Padshop, meanwhile, is a 400-preset granular synth dedicated to atmospheric and evolving pad sounds, with two layers of up to eight grain streams each, plus built-in distortion, modulation, and decay. A DJ-EQ plug-in offers three bands with kill switches for breaks and twists, while MorphFilter models low and high-pass resonant filters and morphs between them – throw this one on a weak synth preset and watch the fireworks. Guitar players get a host of VST Amp Rack presets, plus a maximiser, minimiser, and level meters.
Cubase's other plug-ins are still worth using, of course. Spector is a granular synth with some serious kick. Contemplate’s built-in delay lets you create instant Sasha textures with the right chords, while Assault sounds like several 1970-era analogue oscillators are exploding in your speakers with each key press.
In addition to the usual loop editing and slicing LoopMash offers, it comes with a library of pre-sliced loops you can mess with just by fiddling with the random and intensity sliders. This was a lot of fun right out of the box, and unlike with some other tone generators, you can just set this one, trigger it, and forget it.
Guitar players should give VST Amp Rack another close look, as Steinberg has significantly upgraded it for Cubase 7. The new version now includes 50 new presets across the board, plus new Maximiser and Limiter stomp box effects for adding punch and definition, complete with oversize input and output level meters.
Finally, there's Halion Sonic SE, Steinberg's bundled workstation synth plug-in, which offers a nice jump in sound quality from the earlier Halion One. It's packed with fat basses, smooth pads, and useful leads, and is a solid sample playback plug-in for anyone who needs something to get started with. Most of the sounds are quite useful, including a slap bass that – amazingly enough – isn't cheesy. The distorted guitars are, though; you'll still need a third-party library to avoid "crappy guitar sound disease," a common affliction among synthesiser plug-ins.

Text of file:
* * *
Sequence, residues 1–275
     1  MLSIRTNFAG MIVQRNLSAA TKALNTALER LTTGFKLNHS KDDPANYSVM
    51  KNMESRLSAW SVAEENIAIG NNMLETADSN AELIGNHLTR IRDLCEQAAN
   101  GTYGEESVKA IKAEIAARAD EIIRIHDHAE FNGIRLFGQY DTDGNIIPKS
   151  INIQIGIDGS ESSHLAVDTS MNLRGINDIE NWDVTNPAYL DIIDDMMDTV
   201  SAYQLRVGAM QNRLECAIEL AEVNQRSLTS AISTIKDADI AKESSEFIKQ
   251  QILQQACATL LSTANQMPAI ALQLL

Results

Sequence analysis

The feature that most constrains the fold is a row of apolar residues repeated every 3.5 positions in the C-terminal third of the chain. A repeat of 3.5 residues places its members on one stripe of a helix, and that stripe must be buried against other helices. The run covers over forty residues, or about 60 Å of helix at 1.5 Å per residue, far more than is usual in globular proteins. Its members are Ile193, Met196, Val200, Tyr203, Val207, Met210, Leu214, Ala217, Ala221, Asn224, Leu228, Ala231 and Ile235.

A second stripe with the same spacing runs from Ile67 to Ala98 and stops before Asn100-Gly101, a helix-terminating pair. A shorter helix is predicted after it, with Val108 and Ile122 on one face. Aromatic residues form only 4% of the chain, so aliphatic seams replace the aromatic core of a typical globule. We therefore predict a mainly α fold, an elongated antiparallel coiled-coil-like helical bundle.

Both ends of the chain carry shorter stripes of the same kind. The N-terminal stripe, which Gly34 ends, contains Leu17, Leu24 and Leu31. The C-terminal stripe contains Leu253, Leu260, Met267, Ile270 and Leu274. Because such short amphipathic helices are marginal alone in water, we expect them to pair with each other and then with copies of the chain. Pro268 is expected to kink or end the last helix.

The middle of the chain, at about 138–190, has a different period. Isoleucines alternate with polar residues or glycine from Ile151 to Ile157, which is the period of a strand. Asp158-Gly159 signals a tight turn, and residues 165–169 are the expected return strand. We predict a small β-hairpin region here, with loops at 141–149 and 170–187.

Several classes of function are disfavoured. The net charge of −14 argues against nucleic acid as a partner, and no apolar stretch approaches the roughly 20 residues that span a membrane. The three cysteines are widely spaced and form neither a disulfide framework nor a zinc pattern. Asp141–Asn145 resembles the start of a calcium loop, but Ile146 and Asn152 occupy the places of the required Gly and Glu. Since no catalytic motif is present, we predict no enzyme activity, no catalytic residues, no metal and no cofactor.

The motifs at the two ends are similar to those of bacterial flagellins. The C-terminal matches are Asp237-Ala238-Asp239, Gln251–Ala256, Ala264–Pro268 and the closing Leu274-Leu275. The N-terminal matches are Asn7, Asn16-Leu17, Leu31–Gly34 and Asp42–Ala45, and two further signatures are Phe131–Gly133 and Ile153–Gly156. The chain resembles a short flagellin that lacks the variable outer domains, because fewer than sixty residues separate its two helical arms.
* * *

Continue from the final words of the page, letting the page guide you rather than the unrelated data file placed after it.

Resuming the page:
Large Strings VX even has keyswitches; hold down one of the keys near the bottom of the keyboard, and you'll switch between long, short, trill, and other articulations. Opening the filter on Vintage Strings doesn't add any resonant bite beyond the default setting, although you can close the filter at least. There are also nice acoustic basses, plus plenty of organs, keyboards, and lush pads to play with. Two other weaknesses: A near-total lack of world sounds other than some percussion, and drum sounds that are varied but too compressed and forced-sounding.
While the aforementioned LoopMash is technically a sampler, you can't load new samples into Halion Sonic SE. There's no all-purpose sampler plug-in with the package at all, such as Logic's EXS24 or Cakewalk's Dimension Pro (which lets you load new samples and SFZ files, although it's primarily a sample playback synthesiser first and foremost).
For this review, along with Cubase 7, I also gave the bundled free 60-day trial of Halion Sonic a whirl. Sonic contains plenty of usable bass sounds, guitars, synth leads, pads, and acoustic and electronic drum kits. The Fender Precision Bass and grand piano samples are true standouts, and I couldn’t get enough of the Independent Rock Kit sound.
Sonic isn't perfect – you can’t create your own drum kits, and samples don’t load quite as instantaneously as they did with the older, Wizoo-powered Hypersonic (which I was a huge fan of). There are virtually no "ethnic" or "world" instruments, and as with most workstation plug-ins, there's a dearth of orchestral articulations. But despite those downsides, at just 12GB, Sonic strikes a near perfect balance between sample size, instrument set, and load times.